Like many in the sport, running found me rather than the other way around. The first time it found me, I was in high school and had just been cut from the volleyball team (with just cause I must admit). With my dreams of being the next Gabrielle Reece snuffed out, I turned to cross country. Come one, come all, no hand eye coordination required.
The second time it found me, I was in college at Oregon. I had just returned from studying in France where I was smart enough to meet my future husband, but dumb enough to pick up 15 pounds and a half-a-pack-a-day smoke habit (while it may be true that French women do not get fat, I can attest for the fact that white girls from California do). Fortunately, running showed its forgiving nature once again, and after a year of running the hills around Eugene, I moved to Seattle and got hooked on the sport for good.
As it turns out, my early years of inactivity would preserve me for an unexpectedly successful racing career. After joining Club Northwest in 1992, I made our cross country nationals team on seven occasions, including our Club title in 1996, and competed in everything from the 5K (17:06), to the half marathon (1:22:30) to the marathon (2:59).
In hindsight, it would be untrue to say that I haven’t cared deeply about running fast and even winning. But for me, and the small family that makes up Oiselle, the sport has always been about something more. At various times it’s our therapy, escape, religion, and girl time. But perhaps simply enough, it’s been our sense of freedom. And thus the name Oiselle (pronounced wa-zell). A French word for bird, it alludes to that feeling of weightlessness that most runners know and love. That sense of flight – when the legs go fast and the heart goes free.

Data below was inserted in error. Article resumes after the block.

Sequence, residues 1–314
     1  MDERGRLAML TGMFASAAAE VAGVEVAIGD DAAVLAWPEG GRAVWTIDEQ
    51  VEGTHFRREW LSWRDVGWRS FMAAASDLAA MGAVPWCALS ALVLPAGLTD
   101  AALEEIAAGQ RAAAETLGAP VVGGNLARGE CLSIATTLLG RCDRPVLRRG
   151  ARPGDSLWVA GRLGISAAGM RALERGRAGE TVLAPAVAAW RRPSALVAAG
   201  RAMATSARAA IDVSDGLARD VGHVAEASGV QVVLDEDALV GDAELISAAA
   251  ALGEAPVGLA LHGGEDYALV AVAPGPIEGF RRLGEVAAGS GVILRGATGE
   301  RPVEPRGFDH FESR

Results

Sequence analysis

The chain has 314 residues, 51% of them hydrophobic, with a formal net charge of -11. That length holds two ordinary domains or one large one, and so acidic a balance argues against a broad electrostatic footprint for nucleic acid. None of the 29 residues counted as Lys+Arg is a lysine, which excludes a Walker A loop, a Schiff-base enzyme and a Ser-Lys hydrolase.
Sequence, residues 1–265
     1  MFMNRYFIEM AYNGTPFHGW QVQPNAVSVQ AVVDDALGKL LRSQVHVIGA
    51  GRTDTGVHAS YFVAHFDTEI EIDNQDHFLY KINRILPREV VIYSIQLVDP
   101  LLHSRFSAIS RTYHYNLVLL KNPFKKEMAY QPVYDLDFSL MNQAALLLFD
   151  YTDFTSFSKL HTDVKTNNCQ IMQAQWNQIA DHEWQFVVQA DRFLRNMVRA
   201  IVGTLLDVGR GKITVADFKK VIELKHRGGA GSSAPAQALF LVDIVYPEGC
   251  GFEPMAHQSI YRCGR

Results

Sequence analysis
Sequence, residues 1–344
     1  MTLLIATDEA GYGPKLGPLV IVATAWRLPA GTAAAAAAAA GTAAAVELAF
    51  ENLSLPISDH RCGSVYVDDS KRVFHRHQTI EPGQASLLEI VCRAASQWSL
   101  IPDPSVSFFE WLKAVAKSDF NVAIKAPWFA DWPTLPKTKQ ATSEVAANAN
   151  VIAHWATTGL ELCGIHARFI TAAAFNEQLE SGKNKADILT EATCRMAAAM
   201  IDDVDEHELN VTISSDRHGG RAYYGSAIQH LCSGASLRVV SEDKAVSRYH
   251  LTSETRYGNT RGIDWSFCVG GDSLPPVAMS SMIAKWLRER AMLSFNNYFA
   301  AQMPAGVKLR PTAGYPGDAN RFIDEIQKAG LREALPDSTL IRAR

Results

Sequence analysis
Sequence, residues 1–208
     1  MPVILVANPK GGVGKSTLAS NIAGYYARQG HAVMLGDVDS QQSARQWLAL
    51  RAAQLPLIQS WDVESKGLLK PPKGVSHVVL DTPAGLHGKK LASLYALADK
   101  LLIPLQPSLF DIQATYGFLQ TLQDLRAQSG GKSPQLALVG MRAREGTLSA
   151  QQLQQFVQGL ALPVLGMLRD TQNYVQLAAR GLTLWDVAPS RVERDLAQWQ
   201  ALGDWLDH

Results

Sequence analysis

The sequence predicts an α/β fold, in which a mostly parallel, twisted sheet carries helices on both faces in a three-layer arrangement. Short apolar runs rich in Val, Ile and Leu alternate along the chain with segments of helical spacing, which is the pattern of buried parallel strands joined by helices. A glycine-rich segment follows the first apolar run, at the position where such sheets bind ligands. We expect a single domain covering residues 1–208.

Our first year in the market was 2007. However, the idea for Oiselle started several years earlier. After two kids and six years of “just running,” I was ready to train and race again. But what I thought would be a quick trip to the running store to buy new shorts ended in disappointment. Too poofy, too baggy, too high-waisted, and all wrong in the color department.
Over time – and many a long run – that disappointment became an idea. Not only about new women’s running apparel, but also about a new kind of company. One that would draw from my ten years’ experience of branding and marketing for both startups and Fortune 500 companies, and cross-pollinate with the ideas and skills of a select group of partners. So in the end, the question became not so much why a new running apparel company, but why not?
—Sally Bergesen, Founder + CEO